André Kertész, Antoine de Saint-Exupéry’s Desk at Bernard Lamotte’s Home, ca 1960

“I still don’t know if I am a falcon, or a storm, or a great song.” ~ Rainer Maria Rilke

Friday evening. Overcast, feels like rain.

Flannery O'Connor's Desk and Typewriter at Andalusia, GA

I have wanted to write a post for days now, but just haven’t had it in me. I feel completely enervated—weak and listless. It took everything I had to go to the concert on Wednesday, which really sucks. I hate feeling as if I have to steel myself to go somewhere or to do something.

The house is quiet. Corey is at work, and Brett has gone to see his friends Gordon and Tailor. Tillie is hanging out on the couch, looking out the window, and the two Jack Russells are probably on the bed being lazy. Good day for it. Today I’ve consumed Nilla wafers and Pepsi (caffeine free). Just one of those days.

Well, supposedly the world is going to end tomorrow . . . again. The guy who is predicting this also predicted the end of the world sometime in the 90’s, but says that he got his math wrong. Yep. I’m surely going to trust my future to someone who cannot do math properly. Excuse me for being flippant, but if the world is going to end, does that mean that I don’t have to worry about bills any more?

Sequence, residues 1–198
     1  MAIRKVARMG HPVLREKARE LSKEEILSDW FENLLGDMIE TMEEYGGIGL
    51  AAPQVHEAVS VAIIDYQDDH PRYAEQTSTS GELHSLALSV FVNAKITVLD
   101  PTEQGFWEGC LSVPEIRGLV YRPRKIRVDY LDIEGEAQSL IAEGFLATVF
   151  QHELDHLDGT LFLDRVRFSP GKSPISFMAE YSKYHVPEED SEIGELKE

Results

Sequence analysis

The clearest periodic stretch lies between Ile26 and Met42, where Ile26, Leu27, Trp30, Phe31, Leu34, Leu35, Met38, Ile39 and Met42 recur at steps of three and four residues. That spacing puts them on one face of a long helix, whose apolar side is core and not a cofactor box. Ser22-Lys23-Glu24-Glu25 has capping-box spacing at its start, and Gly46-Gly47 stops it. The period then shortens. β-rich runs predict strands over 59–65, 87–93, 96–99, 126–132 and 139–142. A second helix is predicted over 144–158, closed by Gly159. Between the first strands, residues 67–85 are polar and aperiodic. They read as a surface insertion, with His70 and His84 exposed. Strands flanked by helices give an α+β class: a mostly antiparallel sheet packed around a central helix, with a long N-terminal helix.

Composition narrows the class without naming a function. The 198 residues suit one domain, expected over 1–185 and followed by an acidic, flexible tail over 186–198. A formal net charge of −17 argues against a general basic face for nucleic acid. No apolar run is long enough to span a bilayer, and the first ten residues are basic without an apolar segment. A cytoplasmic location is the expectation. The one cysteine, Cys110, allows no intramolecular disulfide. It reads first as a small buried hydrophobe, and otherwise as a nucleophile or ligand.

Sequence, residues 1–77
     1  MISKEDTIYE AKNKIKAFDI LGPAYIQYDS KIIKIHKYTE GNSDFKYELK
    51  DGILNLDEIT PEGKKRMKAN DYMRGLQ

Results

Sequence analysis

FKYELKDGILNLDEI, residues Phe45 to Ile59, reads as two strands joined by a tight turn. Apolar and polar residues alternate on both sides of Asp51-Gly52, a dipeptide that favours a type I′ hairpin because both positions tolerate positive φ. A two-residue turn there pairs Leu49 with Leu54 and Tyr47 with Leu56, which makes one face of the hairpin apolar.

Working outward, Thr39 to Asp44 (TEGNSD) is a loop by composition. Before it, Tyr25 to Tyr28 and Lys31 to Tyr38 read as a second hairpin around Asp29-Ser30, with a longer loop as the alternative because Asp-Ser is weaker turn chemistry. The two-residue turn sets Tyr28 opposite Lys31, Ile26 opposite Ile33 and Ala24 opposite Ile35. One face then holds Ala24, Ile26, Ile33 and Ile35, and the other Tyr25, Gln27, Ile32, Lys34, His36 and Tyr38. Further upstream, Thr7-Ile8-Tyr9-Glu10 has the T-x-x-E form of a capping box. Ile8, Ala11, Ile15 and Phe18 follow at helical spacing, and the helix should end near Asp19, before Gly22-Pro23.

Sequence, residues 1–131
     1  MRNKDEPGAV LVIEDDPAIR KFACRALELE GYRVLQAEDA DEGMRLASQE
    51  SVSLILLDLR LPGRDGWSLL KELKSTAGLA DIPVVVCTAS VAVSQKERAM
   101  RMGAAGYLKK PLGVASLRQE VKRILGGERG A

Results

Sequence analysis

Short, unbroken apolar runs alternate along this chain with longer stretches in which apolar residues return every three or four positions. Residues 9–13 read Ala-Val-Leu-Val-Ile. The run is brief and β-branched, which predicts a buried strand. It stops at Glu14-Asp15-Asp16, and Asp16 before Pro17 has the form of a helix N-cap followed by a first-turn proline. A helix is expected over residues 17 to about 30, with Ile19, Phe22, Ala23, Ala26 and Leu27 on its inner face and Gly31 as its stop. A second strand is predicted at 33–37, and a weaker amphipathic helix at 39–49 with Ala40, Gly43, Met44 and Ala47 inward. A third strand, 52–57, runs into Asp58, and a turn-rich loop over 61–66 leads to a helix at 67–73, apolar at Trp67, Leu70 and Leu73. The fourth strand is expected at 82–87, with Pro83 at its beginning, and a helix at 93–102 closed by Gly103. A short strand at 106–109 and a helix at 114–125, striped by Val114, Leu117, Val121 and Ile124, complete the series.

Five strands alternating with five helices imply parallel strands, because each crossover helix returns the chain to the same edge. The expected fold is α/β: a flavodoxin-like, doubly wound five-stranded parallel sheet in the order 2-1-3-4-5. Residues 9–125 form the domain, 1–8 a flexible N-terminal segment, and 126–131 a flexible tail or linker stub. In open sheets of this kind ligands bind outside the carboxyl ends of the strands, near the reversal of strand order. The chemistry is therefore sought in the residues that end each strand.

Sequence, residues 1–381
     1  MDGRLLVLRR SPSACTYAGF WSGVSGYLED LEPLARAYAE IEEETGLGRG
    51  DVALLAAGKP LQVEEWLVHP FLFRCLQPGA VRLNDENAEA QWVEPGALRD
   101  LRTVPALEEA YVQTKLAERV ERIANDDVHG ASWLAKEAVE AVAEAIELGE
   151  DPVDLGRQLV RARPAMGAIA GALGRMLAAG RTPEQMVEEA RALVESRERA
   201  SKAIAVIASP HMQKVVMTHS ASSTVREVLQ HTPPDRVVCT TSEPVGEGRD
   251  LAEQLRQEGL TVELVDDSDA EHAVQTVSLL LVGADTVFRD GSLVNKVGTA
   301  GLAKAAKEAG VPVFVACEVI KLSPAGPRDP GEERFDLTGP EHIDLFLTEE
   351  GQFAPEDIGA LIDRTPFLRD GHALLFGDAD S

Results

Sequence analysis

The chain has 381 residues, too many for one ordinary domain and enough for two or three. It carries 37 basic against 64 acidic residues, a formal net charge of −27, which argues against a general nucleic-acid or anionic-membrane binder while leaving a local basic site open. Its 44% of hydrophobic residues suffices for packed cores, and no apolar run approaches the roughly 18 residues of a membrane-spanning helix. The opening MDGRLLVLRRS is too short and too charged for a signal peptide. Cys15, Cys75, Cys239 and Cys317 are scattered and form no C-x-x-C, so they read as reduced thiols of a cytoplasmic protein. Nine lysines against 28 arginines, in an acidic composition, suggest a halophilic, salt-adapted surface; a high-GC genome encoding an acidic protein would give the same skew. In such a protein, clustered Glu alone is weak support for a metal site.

End of the world, you can stockpile books, or you can stockpile canned green beans. I know what I’m hoarding. I can’t eat the books, but I’ll never be bored. Besides, canned vegetables have no nutritional value and taste like tin.

“No one forces you to write. The writer enters the labyrinth voluntarily . . . ” ~ Roberto Bolaño

André Kertész The Way a Poem of Ady’s began on a Café Table in Paris, 1928

So many things to not write about. So many words tumbling around inside me, none floating to the surface. As a child eating alphabet soup, I used to make letters sink by pushing them down with my spoon. That’s how I would rid myself of the excess letters that did not fit the pattern I was trying to make. If only life were still so easily manipulated. Perhaps if I keep writing, something will float to the surface.

Then there were the boxes of animal crackers. Why were they called crackers when they were in fact cookies? Did you ever wonder how they decided which animals to use? Camels? Now there’s an animal you see everyday. Monkeys? If you took the empty box once you had finished biting the heads off the animals, supposedly you could make a circus cage (back in the days when they acknowledged using cages). I never made the cage as I had enough of a moral dilemma in eating the animals. Truly.

I was a complicated child.

Writing, always writing, even before I knew words, I wrote. I would take scraps of paper and write notes to our neighbors in the large apartment building in London. Then I would slip the pieces of paper beneath their doors and wait for them to reply. They never did. Some of the neighbors thought that someone in the building was a bit mental until my mother explained that I was the source of the mysterious notes.

My first poem in first grade. So proud of it. I read it out loud for one of my mother’s friends, who suggested that I jazz it up by adding some more words. I was highly affronted and told her so. Even then I could not abide criticism.